By Robert Gullifer, headmaster of New College School

It might seem a bit odd to say that one of the pleasures of this time of year is writing end-of-year reports on every pupil in the school. But it’s actually a huge privilege to read about all their achievements and then be able to offer some words of congratulation, encouragement or advice. Above all, it’s an opportunity to affirm individual talents and interests.

Statistics and the big picture for year groups, cohorts, schools, LEAs or particular subjects tend, understandably, to dominate our educational discussions and we are in danger of losing sight of very real achievements which can’t immediately be measured. Add to this the need all young people feel to fit in with their friends (made more acute for teenagers by social media) and no wonder the unique, special qualities of every child seem undervalued.

I don’t think anyone would disagree that what goes on in schools outside the classroom is just as influential in a child’s development as what goes on inside the classroom. Schools quite properly and diligently assess pupils’ academic progress, but are we as attentive in rewarding good interactions in the playground? Small acts of kindness? Cheerful, good humour? Independent initiative? Do we give pupils opportunities to exercise responsibility and leadership? Opportunities to reflect positively on their own well-being? Opportunities to share common interests with teachers? In sum, are we helping children to find out what will help them become contented human beings? That may seem a grand statement, but surely it’s at the heart of what we should be doing.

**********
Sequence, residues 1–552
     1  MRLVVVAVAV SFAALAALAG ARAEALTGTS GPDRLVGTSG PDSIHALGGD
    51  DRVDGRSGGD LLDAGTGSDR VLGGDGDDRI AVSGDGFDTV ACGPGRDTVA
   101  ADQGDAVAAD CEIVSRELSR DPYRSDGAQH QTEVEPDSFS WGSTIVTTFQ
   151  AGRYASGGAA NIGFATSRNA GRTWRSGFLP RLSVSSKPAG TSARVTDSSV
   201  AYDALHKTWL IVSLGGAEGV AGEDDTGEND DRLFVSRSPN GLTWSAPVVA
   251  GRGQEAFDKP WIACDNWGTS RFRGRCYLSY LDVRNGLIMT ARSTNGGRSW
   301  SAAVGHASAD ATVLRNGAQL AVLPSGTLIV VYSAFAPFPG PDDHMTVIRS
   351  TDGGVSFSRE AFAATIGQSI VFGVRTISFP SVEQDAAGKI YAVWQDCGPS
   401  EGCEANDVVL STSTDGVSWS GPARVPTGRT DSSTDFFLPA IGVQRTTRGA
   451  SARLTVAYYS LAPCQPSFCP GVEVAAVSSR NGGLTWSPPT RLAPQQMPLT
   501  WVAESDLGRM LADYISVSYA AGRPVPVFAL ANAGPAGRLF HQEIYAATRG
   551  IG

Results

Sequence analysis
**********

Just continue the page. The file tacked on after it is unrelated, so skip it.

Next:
Care for the mental health of children and young people is now rightly at the top of the educational agenda. It’s clear that some of children’s mental health problems derive from pupils worrying about what they have or have not achieved compared with others.

I’m firmly of the view that one of the ways in which we can support children is by identifying their interests, setting realistic challenges for their development and then celebrating the milestones along the way. And, of course, picking them up when they stumble or feel under pressure because they think they are not ‘cool’ or are not measuring up to (often wrongly) perceived expectations. “Be yourself and then a bit better” is a mantra which is both ambitious and realistic: it recognises talent and potential together, celebrating all the individuality we see every day in our classrooms. It doesn’t matter if nobody else in the class collects, say, model aircraft, so long as schools and teachers foster a respect amongst the whole community for the enthusiasm and knowledge such an interest demands.

So “being yourself” should not mean being self-centred; if pupils learn from an early age that we all have different and valuable talents then school quickly becomes a place in which children are comfortable in expressing their own strengths and celebrating the achievements of others, rather than drawing unhelpful comparisons.

Of course, all this takes a bit of organisation and even risk: giving teachers the professional trust and opportunity to go ‘off-piste’ and breaking down the mindset of simply measuring groups and cohorts by limited outcomes. When new colleagues ask me for advice about report writing, I stress that all report comments should show that, as teachers, we know our pupils as individuals in and beyond the classroom. Then, what we have to say about their progress has much more chance of helping them to be “a bit better”. When I look back at my own school reports from several decades ago, I’m not sure “Good work and progress’’ meant all that much.